Invisible Lines

Mark Williams

I dropped composition 102 two—maybe three—times in college. I did finally complete it in my last semester. It was “take comp or don’t graduate”: I took comp. But even then, it turned out to be the worst grade of my college career, by about an entire grade.

The first time I took the class, at community college, I stayed in almost the entire semester, but at some point halfway through I quit turning in the assignments. The turning point was a long “article summary” that the teacher gave me a D on, some article by a scientist named John Polkinghorne. (It bothered me enough that I’ve remembered, apparently.) I thought I understood the article, I thought I’d written a summary, and the teacher simply said (over and over) that I “had not summarized the article.” I couldn’t get any farther than that with him. So when he began giving small assignment after small assignment and telling us that they would be “helpful,” I no longer trusted him—I’d already decided that he was not helpful, so why would his assignments be helpful? I quit turning things in, then dropped the class on the last possible date.

The next time I took composition, I walked out halfway through the first class. I had some important reasons: first, he called the writing process “percolating,” a really obnoxious metaphor for people like me who hated coffee. I still smell that bitter coffee smell when I picture his classroom. Second, he was using his percolating metaphor to justify a mountain of assignments that I thought were way overboard for a simple gen. ed. requirement. I don’t like coffee and I don’t like being overworked in a gen. ed., so I walked out before he’d finished the syllabus. I picked up stellar astronomy instead.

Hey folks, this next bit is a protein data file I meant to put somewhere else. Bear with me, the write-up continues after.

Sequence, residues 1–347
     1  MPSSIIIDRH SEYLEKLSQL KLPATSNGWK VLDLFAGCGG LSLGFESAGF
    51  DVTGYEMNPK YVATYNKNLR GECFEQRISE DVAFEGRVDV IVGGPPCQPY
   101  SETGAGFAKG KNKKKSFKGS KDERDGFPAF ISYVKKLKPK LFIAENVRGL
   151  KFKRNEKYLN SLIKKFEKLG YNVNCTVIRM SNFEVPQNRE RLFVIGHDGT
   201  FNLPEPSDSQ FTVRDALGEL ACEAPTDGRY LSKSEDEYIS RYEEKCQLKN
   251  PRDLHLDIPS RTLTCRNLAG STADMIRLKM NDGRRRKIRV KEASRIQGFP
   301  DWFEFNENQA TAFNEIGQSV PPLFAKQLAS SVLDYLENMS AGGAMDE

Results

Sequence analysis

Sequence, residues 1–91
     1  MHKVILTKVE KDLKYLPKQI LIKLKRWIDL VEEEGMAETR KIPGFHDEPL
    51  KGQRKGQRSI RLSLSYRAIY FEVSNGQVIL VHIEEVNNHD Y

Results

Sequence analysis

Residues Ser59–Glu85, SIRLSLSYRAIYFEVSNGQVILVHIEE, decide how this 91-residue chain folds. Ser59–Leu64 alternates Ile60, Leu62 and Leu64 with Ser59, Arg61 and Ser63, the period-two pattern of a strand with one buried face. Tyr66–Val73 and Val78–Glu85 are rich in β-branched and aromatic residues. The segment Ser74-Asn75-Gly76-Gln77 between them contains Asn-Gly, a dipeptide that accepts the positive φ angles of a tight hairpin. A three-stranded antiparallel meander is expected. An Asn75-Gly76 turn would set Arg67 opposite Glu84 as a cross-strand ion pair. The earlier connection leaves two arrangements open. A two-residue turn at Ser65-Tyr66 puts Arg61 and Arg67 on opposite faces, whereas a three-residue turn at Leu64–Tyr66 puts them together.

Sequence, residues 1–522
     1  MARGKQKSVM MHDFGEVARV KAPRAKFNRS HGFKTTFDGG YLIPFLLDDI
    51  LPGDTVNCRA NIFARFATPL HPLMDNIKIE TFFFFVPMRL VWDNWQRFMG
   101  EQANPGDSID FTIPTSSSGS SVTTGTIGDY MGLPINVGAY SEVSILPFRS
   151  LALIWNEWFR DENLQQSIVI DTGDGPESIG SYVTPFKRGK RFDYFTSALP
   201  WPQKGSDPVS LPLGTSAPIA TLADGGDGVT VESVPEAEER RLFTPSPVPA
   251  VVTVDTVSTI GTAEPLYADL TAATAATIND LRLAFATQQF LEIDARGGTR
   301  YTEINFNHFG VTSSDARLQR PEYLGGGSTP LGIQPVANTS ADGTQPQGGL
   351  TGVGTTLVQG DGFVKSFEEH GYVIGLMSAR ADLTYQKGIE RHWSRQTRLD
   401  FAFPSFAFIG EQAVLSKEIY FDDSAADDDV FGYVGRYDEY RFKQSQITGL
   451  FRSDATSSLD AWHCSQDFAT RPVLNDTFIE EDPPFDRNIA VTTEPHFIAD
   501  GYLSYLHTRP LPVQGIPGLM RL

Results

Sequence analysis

I arrived at the last semester of college, finally forced to take ENG 102. I felt dragged along, alternately insulted and embarrassed by what I was learning, until the final paper when we were required to have a tutoring session at the writing center. I remember my writing center tutor was a girl I’d gone to junior high with named Courtney, and how much it embarrassed me to be “asking” for help on an English 102 paper from someone I wanted to view as an equal. But I didn’t see much choice, and Courtney was quiet, and thoughtful, and patient, and helpful—and forty-five minutes later I was walking out of the library into the cold Chicago air with a new blue pencil and the uncomfortable realization that I could’ve been a lot better student, and a lot better writer, than I would now be as a college graduate. I felt as if an opportunity had been there, and I was too late to make good on it.

That was nine years ago this month. I still feel the almost infuriating helplessness I felt in those moments—moments when I knew there was something I could not do but needed to do, something just on the other side of a paper-thin curtain. The causes of those impotent moments can be different—in my stories I can see circumstances, a teacher’s failure, my laziness and my pride all getting in the way; for other people it can be language barriers, or educational differences, or a language disorder. But in all those cases writing doesn’t work like other skills. It’s not like basketball, where we always can see that we’re missing our shots or dribbling the ball off our foot or just getting beaten by bigger, faster, stronger players. Oftentimes, success and failure in writing operate along invisible lines for those of us who are failing. As a writing tutor and teacher—a “success”—I have to say that the lines haven’t really gotten more visible. They’re more strongly felt, I want to say—but then again, I felt my failures as a writer so deeply back then, too. I think it comes down to this, for all of us: we may not be able to recognize what’s going on in our writing, but we do acquire a “feel” as writers. Good feelings, but bad feelings too, feelings that make writing impossible, undesirable, beyond us. If I’m right, then we need to work to pay attention to the forceful, invisible lines writing continually bumps us up against. And trust that everyone else feels them too.

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